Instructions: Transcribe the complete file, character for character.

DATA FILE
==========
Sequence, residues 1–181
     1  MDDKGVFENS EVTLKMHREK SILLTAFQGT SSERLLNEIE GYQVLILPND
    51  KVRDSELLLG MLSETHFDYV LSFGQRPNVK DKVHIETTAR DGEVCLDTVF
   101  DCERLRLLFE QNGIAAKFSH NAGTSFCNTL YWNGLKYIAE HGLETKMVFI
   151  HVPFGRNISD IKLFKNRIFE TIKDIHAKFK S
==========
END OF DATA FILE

Sequence, residues 1–181
     1  MDDKGVFENS EVTLKMHREK SILLTAFQGT SSERLLNEIE GYQVLILPND
    51  KVRDSELLLG MLSETHFDYV LSFGQRPNVK DKVHIETTAR DGEVCLDTVF
   101  DCERLRLLFE QNGIAAKFSH NAGTSFCNTL YWNGLKYIAE HGLETKMVFI
   151  HVPFGRNISD IKLFKNRIFE TIKDIHAKFK S